We got our boat checkout from a dockhand. He found out that we own a 40' Beneteau and Butch owns a sailing school, so the checkout was brief. After settling in, shortly after dark we struck out in search of dinner. The recommendation from the dock crew was to dinghy across the bay to the Village Cay Marina and walk to one of several restaurants on the west side of the bay.

So we struck out in the dark. Not very difficult with all the lights from the shore and other boats. We walked a few blocks to Pusser's Pub (as in Pusser's Rum) and had drinks and dinner. A very low-key spot, with ok food. Over dinner we discussed where to go on Thursday, and decided on heading across the Sir Francis Drake Channel to Norman Island.

After dinner, it was a hike back to the dinghy dock, and the brief trip back to our boat. We relaxed and chatted awhile (tasks we did a lot on the trip.) Butch and Lynn broke out their card game called Phase 10, a game not unlike gin rummy. Mike joined them for a game while Kelli hit the showers at the marina. Lynn won the first game of Phase 10 of the trip. Then it was lights out after a long day.

Day 2 - Thursday, Jan 11, The Bight, Norman Island

The crew all got up between 7:30 and 8:00. Butch and Lynn went up to the Moorings hotel restaurant for breakfast. Mike and Kelli stayed aboard and made coffee. Then came provisioning. Moorings provided free transportation to and from a market. Our driver was Alberto.

We filled two shopping carts of critical items such as wine, beer, bagels, paper towels, and a few healthy items--net about $400. Lynn went for a haircut while the rest of us went back to the boat. Kelli and Mike stowed the provisions while Butch tracked down an ocean kayak, extra ice and towels, and other last minute items.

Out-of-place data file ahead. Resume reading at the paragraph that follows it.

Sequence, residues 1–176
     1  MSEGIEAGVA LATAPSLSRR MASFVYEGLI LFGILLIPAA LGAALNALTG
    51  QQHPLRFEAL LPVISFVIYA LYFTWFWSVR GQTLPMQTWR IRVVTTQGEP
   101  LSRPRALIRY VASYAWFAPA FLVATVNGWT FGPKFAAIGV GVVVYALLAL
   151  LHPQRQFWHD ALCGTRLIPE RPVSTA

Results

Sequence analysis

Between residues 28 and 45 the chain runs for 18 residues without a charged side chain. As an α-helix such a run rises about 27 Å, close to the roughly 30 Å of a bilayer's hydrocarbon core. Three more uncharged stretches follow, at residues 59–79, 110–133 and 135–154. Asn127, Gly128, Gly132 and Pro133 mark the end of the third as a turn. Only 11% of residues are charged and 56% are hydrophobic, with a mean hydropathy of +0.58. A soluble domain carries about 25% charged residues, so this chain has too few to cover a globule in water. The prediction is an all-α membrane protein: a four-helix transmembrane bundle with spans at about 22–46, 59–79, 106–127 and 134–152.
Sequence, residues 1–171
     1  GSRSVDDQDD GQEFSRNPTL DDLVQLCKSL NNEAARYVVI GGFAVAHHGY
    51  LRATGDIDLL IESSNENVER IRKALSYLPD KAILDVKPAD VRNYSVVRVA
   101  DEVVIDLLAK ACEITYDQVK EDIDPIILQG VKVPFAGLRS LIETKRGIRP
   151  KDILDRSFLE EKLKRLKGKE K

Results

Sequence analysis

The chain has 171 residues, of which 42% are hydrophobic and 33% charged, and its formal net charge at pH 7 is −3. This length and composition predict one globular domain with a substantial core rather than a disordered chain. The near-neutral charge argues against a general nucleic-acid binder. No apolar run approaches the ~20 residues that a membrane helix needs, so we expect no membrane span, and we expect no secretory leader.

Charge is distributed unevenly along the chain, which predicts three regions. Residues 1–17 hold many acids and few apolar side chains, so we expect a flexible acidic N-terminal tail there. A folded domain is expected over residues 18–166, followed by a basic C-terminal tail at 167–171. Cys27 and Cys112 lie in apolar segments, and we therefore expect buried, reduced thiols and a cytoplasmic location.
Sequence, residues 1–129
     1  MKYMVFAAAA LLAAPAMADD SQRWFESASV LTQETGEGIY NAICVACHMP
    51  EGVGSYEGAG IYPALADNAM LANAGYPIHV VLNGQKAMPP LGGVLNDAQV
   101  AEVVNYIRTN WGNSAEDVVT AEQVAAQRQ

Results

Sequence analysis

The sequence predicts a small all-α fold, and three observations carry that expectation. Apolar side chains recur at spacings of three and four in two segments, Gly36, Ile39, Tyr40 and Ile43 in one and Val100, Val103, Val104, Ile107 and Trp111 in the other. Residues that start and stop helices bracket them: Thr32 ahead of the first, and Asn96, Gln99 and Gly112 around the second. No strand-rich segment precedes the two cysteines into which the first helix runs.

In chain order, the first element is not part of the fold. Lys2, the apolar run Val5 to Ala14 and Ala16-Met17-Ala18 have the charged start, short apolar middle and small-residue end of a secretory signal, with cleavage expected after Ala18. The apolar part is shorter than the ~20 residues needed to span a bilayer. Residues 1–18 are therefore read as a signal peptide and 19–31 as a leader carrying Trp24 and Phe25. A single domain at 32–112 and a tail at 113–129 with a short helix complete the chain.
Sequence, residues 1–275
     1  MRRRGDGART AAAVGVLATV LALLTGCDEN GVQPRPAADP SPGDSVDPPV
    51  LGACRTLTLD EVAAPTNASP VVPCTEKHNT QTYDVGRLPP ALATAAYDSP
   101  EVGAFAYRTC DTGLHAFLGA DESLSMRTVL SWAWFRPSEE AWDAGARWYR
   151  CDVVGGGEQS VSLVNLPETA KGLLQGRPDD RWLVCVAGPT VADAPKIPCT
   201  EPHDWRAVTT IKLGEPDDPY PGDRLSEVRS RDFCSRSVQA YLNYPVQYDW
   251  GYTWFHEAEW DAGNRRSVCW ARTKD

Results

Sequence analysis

Butch also got a technician to come and repair a tear in the ship's jib sail.

When we all converged on the boat about noon, we fired up and Butch prepared to motor us out. We had to untie the loops on forward pilings. Our boat lay stern-to with no side piers. Concrete pilings separated the slips, and our bow lines were under the lines of the boats on either side, so we decided to untie the bowlines at the pilings as we prepared to go. That meant pulling the boat over to each one. It was awkward. We decided it would have been better to just motor forward until the pilings were on the beam to make it easier. Oh well, our seamanship improved after the undocking!

We headed out of Road Harbor and hoisted the sails.

We found 15 kt winds in Sir Francis Drake Channel, and sailed all the way to The Indians (all of 5 nm, 40 minutes) off Norman Island.

^^^^^ The Indians

For our first, albeit short, sail, conditions were perfect. The sails on Perseverance were tired, but with the strong breeze, the boat moved along at 7-8 kts. At least that's what the speed log read. It is most likely that charter boats' speed logs are incorrigible liars. But the boat did move right along. With just small chop, the ride was refreshing.

We tied up on a day mooring ball at The Indians. This is a terrific snorkel spot, and Butch, Lynn and Kelli snorkeled. Kelli tried out her new camera with its fancy underwater case. It actually takes decent pix underwater. The case doesn't leak, so the exercise was successful.

After an hour and a half, we motored around the point into The Bight and picked up a mooring ball on the north side. Time: 3 p.m.

We shut down and had a late lunch in the cockpit. A local vendor came by in a dinghy selling T-shirts, baseball caps, and so on. Butch needed a cap, so he bought one for $10.

After relaxing and chatting until twilight, we jumped in the dinghy and headed over to the Willie T for cocktails. The flashlight helped us avoid mooring buoys. The anchorage filled about 1/2 full. The Willie T was relatively quiet but it got more raucous later. After a round, back in the dinghy and motor over to the Pirate's Bight restaurant on the beach for dinner. That place was "just ok" - a bit pricey for the quality of food. But the conversation was great and we enjoyed our first night out from Tortola.

Back to the boat by 9:30 for another round of cards. Kelli joined the game this evening, and thus the Boys vs. Girls tournament was on. Mike won this time, so the score evened up at Boys 1, Girls 1. Lights out by midnight. A terrific first day of the cruise!

Butch declared, "It can't get any better than this!"